As far as wide-release horror movies go, this stuff is pretty good. Green has a great eye for atmosphere, the music (by Carpenter and his son Cody along with Daniel Davies) is predictably kick-ass and the film works itself into a good groove. The problem with this portion of the movie is that, while solid, it doesn’t have much of an identity. It pulls off gross-out gore scenes that feel closer to the Eli Roth playbook with heads bashed and faces peeled from a head and laid atop a torch; it lathers on comedic relief scenes (a tough-talking 10-year-old, dumb cops thrown for a loop by the concept of a bahn mi sandwich) that, while legitimately funny, feel a little out-of-place alongside the rest of the film. (I want to chalk that up to the influence of co-writer Danny McBride, considering how present his voice is in the film’s more comedic moments, but who’s to say, really?) Even Green’s least successful films have a certain visual signature and at least one memorable moment; Halloween has four or five, including a murderous tracking shot mid-trick-or-treating that represents a respectful attempt to up the ante.

Halloween really picks up in the third act, when Laurie Strode finally re-enters the picture. It will surprise no one that this is when Green really seems fired up; the film takes on quasi-mythical proportions as the two forces finally collide. This particular Halloween sequel ignores everything that happened in between, and the third act is so electric that it almost does feel like we haven’t seen any of this in decades. This is also where Green draws the most obvious parallels with the original, turning the visual language of that film on its head as the identities of the hunter and the prey become increasingly inseparable.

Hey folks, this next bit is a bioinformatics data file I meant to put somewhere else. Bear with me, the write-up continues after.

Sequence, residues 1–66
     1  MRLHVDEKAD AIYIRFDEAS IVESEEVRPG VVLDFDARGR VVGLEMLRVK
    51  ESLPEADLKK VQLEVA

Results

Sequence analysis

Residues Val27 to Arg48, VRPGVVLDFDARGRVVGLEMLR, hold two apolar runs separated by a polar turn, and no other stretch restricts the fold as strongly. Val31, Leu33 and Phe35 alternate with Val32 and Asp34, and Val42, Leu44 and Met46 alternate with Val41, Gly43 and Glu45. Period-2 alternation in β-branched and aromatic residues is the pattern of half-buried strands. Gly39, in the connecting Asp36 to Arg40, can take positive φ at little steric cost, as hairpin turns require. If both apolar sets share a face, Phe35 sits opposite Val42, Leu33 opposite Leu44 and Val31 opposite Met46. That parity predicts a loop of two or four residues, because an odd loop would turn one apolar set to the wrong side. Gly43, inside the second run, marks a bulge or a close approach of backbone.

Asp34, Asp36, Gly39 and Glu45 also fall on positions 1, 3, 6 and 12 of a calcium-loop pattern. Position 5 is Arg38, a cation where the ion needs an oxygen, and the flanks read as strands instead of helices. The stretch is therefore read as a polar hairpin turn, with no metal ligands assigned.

For as much as I love John Carpenter’s original Halloween, I am much less familiar with the sequels. It would therefore be straight-up lying if I said that this is the best of the Halloween sequels. I have no idea. (I have seen the two Rob Zombie efforts and I will say this; their first acts have a little more personality.) All I can say that in a world where any Halloween sequel can produce a nearly infinite number of results — in a world where even John Carpenter would be unlikely to measure up to his work in the first one — what David Gordon Green has done with the material is commendable. It certainly isn’t without flaws, but considering the batting average of this type of sequel… I mean, the last non-Zombie one has Busta Rhymes killing Michael Myers. I suppose there was nowhere to go but up after that. ■

Halloween opens in theatres on Friday, Oct 19. Watch the trailer here: